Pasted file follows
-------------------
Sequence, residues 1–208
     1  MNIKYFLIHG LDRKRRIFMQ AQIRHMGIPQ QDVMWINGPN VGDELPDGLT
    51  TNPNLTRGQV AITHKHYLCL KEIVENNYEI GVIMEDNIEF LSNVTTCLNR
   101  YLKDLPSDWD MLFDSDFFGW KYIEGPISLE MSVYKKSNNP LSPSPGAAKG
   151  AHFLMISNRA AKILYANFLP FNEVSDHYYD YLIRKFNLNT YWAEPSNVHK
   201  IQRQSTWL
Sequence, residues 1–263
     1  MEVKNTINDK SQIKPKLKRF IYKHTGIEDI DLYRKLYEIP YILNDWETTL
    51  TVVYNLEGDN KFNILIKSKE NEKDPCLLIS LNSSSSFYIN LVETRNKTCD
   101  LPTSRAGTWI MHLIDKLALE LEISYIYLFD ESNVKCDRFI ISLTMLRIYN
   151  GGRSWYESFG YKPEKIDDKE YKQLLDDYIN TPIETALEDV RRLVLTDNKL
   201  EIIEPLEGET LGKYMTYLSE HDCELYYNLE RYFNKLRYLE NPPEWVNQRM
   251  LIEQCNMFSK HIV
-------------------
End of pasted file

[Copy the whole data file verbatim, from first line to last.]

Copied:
Sequence, residues 1–208
     1  MNIKYFLIHG LDRKRRIFMQ AQIRHMGIPQ QDVMWINGPN VGDELPDGLT
    51  TNPNLTRGQV AITHKHYLCL KEIVENNYEI GVIMEDNIEF LSNVTTCLNR
   101  YLKDLPSDWD MLFDSDFFGW KYIEGPISLE MSVYKKSNNP LSPSPGAAKG
   151  AHFLMISNRA AKILYANFLP FNEVSDHYYD YLIRKFNLNT YWAEPSNVHK
   201  IQRQSTWL
Sequence, residues 1–263
     1  MEVKNTINDK SQIKPKLKRF IYKHTGIEDI DLYRKLYEIP YILNDWETTL
    51  TVVYNLEGDN KFNILIKSKE NEKDPCLLIS LNSSSSFYIN LVETRNKTCD
   101  LPTSRAGTWI MHLIDKLALE LEISYIYLFD ESNVKCDRFI ISLTMLRIYN
   151  GGRSWYESFG YKPEKIDDKE YKQLLDDYIN TPIETALEDV RRLVLTDNKL
   201  EIIEPLEGET LGKYMTYLSE HDCELYYNLE RYFNKLRYLE NPPEWVNQRM
   251  LIEQCNMFSK HIV